Australian mining tax law expected

13:31, November 23, 2010      

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Australia's minority government boosted its chances of implementing its proposed mining tax today, setting a legislative timetable aimed at ensuring the tax comes into effect in 2012, with the support of Greens senators.

Australia's minority government says draft tax laws on mining profits will not be ready until May next year.

The Treasury's announcement comes despite the end of formal negotiations between the government and miners on the controversial super-tax.

The mid-year date means the mining tax bill will not face a vote in the upper house Senate until at least August, when the government and Green senators will control the numbers to pass bills.

A vote on the legislation before July 1, 2011, would mean the government would run into trouble with a Senate filled with two unpredictable independents, and conservative opponents holding the largest voting bloc.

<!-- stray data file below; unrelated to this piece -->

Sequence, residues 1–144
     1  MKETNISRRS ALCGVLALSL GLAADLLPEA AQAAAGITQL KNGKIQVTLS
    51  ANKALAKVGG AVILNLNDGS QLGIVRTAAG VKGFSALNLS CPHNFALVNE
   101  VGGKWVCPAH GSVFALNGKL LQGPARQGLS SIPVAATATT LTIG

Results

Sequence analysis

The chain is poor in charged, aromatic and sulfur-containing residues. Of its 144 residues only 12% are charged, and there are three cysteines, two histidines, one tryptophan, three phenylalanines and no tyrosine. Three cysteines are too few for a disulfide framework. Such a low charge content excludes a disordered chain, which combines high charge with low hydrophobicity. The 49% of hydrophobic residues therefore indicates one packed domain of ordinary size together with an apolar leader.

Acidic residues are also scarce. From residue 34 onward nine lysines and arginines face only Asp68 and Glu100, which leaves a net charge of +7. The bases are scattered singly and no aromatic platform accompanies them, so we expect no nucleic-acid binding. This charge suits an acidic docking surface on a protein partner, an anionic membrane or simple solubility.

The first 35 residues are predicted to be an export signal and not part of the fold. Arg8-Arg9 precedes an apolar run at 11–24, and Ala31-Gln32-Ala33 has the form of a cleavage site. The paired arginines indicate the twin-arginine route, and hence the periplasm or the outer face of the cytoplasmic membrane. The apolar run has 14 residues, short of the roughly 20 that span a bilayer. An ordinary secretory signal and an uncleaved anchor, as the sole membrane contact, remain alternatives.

The Julia Gillard government estimates the new 30 percent mining tax will raise A$7.4 billion in its first two years, and help deliver a budget surplus in fiscal 2012-13.

But miners and the government disagree over who pays if state governments raise royalties.

Canberra says it cannot be exposed to open-ended cost increases.

And despite claims the tax design favours big miners, the government refuses to make changes to a deal reached in July with the top 3 miners, BHP, Rio and Xstrata.



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